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Conditional moves and sliced bread

As the millennium approached I was the breakfast announcer on AIR-FM, a community radio station in Sydney's west. I'd been thinking about the Seven Wonders of the World and realised that there were, in fact, twenty-one of them—seven each from the ancient, mediaeval and modern worlds. The problem seemed to be that none of the modern wonders had been achieved more recently than fifty years previously, so I set my listeners the task of nominatingr the Seven Wonders of the Millennium. Click on THIS LINK if you want to see what they selected.

 

One guy nominated sliced bread because, if that didn't exist, we couldn't say, “That's the greatest thing since sliced bread.” Which brings us back to chess because I think conditional moves are the greatest thing since sliced bread.

 

I thought everybody else probably thought so too until, during the week, one of my friends complained fairly strongly about my conditional moves. “Why?” I asked. “I just don't like them.” I offered a couple more during the game, but will respect her feelings in future, and refrain.

 

I spend a lot of time on chess.com. It's not that I sit here doing nothing but wait for moves to come in, but my computer is linked to the Internet for about fifteen hours a day and when I see a move has been made I usually sit down and reply. The result is that I have a low average time per move which, of course, is neither good nor bad—it's just the way things are.

 

But my low average time isn't only dependent upon quick responses—it also gains a lot from conditional moves. If I know I'm going to be away from home for a longish part of the day, of if an opponent is off line when I move, I use conditionals to continue the game and, of course, they incur no time penalty.

 

Sometimes a reply might be forced, or might be the most logical move in a given position, so a conditional is appropriate. Sometimes, usually in end games, a whole sequence of conditionals is possible. Several times I've managed as many as six or eight conditionals, occasionally culminating in mate. (This becomes easier in those games where an opponent has lost a great deal of material but wants to play on.)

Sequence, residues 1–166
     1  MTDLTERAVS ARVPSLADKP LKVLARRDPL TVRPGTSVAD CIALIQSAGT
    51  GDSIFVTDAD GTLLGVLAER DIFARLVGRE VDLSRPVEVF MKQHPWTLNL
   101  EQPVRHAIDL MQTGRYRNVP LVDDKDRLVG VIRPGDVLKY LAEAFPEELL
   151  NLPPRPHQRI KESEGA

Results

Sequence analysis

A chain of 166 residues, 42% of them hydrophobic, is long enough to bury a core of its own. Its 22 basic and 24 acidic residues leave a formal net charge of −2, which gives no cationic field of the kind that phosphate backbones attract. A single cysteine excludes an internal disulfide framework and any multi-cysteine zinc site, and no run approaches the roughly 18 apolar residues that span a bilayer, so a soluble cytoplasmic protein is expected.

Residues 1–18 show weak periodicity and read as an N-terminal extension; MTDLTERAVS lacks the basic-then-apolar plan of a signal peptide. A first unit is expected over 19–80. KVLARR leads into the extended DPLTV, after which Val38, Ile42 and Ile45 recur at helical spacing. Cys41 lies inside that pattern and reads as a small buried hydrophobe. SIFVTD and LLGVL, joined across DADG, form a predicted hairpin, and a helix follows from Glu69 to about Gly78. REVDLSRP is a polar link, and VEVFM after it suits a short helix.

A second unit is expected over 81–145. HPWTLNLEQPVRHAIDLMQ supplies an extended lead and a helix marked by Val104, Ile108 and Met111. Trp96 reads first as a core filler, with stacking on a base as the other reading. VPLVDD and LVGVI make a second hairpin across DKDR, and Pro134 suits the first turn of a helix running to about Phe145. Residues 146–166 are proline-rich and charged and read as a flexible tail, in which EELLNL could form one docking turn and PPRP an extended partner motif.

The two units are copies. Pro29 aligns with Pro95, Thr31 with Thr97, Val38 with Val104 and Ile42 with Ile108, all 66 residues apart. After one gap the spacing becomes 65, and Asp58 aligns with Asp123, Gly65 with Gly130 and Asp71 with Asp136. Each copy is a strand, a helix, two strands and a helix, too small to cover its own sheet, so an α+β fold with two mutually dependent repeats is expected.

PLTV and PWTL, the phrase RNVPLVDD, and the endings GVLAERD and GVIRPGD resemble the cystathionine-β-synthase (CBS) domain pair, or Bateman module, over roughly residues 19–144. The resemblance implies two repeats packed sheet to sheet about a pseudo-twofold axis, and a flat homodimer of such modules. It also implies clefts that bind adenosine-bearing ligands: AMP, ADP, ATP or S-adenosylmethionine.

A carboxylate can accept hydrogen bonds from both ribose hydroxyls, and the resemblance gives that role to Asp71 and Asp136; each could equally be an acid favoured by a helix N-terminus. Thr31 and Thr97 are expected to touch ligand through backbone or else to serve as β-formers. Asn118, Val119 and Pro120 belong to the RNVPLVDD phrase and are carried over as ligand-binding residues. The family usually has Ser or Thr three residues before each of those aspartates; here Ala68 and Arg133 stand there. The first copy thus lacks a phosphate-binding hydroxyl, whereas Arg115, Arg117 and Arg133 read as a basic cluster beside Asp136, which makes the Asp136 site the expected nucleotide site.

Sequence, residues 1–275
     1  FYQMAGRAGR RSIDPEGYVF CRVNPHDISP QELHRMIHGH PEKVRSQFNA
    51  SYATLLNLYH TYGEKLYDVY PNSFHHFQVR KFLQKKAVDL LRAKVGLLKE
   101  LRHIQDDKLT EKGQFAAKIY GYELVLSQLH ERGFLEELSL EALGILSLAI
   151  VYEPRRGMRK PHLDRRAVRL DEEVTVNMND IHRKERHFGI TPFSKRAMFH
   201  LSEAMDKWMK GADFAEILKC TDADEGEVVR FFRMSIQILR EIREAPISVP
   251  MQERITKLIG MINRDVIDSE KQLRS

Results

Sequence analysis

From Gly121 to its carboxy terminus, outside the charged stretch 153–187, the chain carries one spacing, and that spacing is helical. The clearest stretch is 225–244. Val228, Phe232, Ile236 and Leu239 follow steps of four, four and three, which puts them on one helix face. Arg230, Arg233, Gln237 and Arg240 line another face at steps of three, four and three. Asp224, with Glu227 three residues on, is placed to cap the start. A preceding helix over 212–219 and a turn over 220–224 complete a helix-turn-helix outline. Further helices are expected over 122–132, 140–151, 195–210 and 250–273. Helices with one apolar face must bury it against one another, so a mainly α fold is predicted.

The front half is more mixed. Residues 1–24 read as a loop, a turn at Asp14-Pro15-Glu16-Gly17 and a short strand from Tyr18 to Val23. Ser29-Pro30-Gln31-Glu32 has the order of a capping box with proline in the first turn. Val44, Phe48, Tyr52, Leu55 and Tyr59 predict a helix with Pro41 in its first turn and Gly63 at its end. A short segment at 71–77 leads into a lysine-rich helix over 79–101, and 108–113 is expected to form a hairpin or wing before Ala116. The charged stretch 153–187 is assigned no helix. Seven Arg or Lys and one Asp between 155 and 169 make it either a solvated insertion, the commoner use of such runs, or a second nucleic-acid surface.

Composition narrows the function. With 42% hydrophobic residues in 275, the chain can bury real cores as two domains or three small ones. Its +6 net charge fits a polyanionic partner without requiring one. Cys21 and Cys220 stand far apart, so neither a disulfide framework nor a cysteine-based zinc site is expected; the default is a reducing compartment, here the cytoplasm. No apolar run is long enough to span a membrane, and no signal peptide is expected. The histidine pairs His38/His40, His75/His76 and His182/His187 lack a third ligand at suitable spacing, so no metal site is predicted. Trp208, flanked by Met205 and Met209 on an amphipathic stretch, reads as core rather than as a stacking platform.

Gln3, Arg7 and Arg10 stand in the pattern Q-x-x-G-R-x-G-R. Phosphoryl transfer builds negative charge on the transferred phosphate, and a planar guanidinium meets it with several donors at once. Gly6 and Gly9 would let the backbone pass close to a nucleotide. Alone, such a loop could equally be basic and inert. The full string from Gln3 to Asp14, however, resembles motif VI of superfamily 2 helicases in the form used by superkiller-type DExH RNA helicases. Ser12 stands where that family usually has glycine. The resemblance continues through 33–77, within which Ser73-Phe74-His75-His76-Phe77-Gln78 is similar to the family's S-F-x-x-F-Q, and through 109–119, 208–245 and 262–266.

I won't go as far as nominating conditional moves as a wonder of the millennium, but they're certainly a wonderful tool to use in our on-line play.

 

But I'd like to hear what you think. Do you like using conditionals? Why? Do you hate them? Again, why? Let's turn this into a discussion. Add a comment. Share your thoughts.

Comments


  • 6 years ago

    Dozy

    Pirc:  "I mostly just use them when my opponent is playing too slowly."

    That's the quality I like most in a chess player:  patience.  Wink  It was GM Ano Nymous who said, "I never think when I'm playing chess; it slows down the flow of the game."

    But I know just what you mean, Pirc ... sometimes slow can be a pain.

  • 6 years ago

    Pirc

    I mostly just use them when my opponent is playing too slowly.

  • 6 years ago

    Dozy

    And a couple of comments that came in while I was writing the last piece...

    qtsii:  thanks for the kind thoughts.

    Phil_from_Blayney: "I only use them when I am absolutely sure that it is a forced sequence though."   I had a sequence the other day that started with a sacrifice and, I thought, ended with mate.  But in the middle my opponent found one move I'd overlooked and...  But all's well.  We now have material and positional equality and if it doesn't deteriorate into a draw one of us will have to win it all over again.

    Platolag: "Conditional moves could possible give an hint to ur opponent, that he has played at least one of the expected moves."  Indeed, but as Aldrin pointed out, this can lead to a psychological advantage.

  • 6 years ago

    Dozy

    Thank you all for commenting.

    Erik's "I love em"  and teohyuahui's "Love it very much, it saves time" speak for me too -- especially the bit about saving time.  But you already knew that.